Quantitative Social Research

Subject 672-379 (2009)

Note: This is an archived Handbook entry from 2009. Search for this in the current handbook

Credit Points: 12.50
Level: 3 (Undergraduate)
Dates & Locations:

This subject is not offered in 2009.

Time Commitment: Contact Hours: A 1.5-hour lecture and a 1-hour tutorial/workshop per week
Total Time Commitment: 2.5 contact hours/week , 6 additional hours/week. Total of 8.5 hours per week.
Prerequisites: Recommended: 12.5 points of Level 1 and Level 2 Sociology
Corequisites: None
Recommended Background Knowledge: None
Non Allowed Subjects: None
Core Participation Requirements:

For the purposes of considering request for Reasonable Adjustments under the Disability Standards for Education (Cwth 2005), and Student Support and Engagement Policy, academic requirements for this subject are articulated in the Subject Overview, Learning Outcomes, Assessment and Generic Skills sections of this entry.

It is University policy to take all reasonable steps to minimise the impact of disability upon academic study, and reasonable adjustments will be made to enhance a student's participation in the University's programs. Students who feel their disability may impact on meeting the requirements of this subject are encouraged to discuss this matter with a Faculty Student Adviser and Student Equity and Disability Support: http://services.unimelb.edu.au/disability


To be advised.
Subject Overview: This subject introduces students to the logic and major processes of quantitative research focusing on survey research in particular. Students are taught how to do quantitative research via hands-on experience in workshops or labs. Topics covered include research design, conceptualisation and operationalisation, questionnaire design, sampling and preliminary data analysis. This subject is relevant to research and to the informed interpretation of quantitative data in a range of disciplines. It is also relevant to employment in environments where survey data is collected or applied, including government, commercial and non-profit organisations.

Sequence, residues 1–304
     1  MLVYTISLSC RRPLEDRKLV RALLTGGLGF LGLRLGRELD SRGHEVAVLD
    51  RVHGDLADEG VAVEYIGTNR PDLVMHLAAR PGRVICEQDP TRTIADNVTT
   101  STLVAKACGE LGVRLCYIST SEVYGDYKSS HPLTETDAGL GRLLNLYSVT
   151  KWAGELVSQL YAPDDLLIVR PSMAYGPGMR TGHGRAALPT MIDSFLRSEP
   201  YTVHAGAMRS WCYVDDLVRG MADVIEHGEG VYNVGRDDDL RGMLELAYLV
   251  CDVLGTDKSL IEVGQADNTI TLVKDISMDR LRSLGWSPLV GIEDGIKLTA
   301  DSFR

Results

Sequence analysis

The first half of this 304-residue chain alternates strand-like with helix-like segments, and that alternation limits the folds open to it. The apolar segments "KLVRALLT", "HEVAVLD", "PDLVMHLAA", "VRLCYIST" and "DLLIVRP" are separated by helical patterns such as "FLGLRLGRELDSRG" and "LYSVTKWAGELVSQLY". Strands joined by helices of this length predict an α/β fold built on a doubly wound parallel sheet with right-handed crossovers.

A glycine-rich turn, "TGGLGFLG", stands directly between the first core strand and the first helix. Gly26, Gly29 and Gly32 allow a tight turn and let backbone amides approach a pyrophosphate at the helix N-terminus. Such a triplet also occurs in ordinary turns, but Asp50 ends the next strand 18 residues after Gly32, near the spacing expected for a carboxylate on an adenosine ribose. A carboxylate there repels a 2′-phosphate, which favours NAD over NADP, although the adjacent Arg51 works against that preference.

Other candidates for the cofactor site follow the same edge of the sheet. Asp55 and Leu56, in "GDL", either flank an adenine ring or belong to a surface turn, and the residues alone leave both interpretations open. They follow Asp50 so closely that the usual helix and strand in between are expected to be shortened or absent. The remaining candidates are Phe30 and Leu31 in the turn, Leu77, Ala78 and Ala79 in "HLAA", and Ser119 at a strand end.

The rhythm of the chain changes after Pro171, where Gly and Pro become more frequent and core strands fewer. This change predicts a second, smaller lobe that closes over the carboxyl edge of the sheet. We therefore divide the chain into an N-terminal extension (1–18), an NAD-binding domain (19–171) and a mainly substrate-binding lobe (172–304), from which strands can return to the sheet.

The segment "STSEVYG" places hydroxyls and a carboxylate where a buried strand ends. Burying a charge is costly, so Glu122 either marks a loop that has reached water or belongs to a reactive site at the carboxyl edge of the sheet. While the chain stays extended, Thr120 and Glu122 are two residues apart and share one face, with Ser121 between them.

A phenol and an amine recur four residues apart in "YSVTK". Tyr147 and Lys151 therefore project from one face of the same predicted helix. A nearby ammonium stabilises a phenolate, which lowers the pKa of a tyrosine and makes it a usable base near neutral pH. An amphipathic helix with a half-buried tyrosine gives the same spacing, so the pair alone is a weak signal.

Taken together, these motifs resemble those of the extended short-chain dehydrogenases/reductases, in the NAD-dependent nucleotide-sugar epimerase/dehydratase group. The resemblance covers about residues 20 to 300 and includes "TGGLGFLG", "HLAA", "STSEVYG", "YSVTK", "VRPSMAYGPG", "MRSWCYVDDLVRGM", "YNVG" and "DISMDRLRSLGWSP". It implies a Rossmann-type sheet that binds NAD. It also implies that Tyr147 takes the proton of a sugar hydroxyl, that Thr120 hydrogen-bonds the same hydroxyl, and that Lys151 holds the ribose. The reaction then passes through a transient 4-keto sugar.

• be able to interpret social processes in terms of sociological concepts;
  • be able to translate curiosities about the social world into empirical social research;
  • be able to understand the logic and major processes of quantitative social research, eg. conceptualisation, operationalisation, questionnaire design, sampling, preliminary data analysis.
Assessment: Written tasks (including lab work) totalling 3000 words, 75% (due through semester); in-class test, 25% (held mid-semester).
Prescribed Texts:
  • The Basics of Social Research (E Babbie) Wadsworth Publishing 2005
Breadth Options:

This subject potentially can be taken as a breadth subject component for the following courses:

You should visit learn more about breadth subjects and read the breadth requirements for your degree, and should discuss your choice with your student adviser, before deciding on your subjects.

Fees Information: Subject EFTSL, Level, Discipline & Census Date
Generic Skills:
  • demonstrate critical thinking and analytic skills, through research and written communication;
  • be able to communicate knowledge intelligibly and economically, both orally and in writing;
  • display awareness and understanding of the social, ethical and cultural contexts of research and of our place as researchers.

Formerly available as 166-081 and 672-379. Students who have completed 166-081 or 672-379 are not eligible to enrol in this subject.

Available as a Breadth subject

Related Majors/Minors/Specialisations: Sociology
Sociology Major

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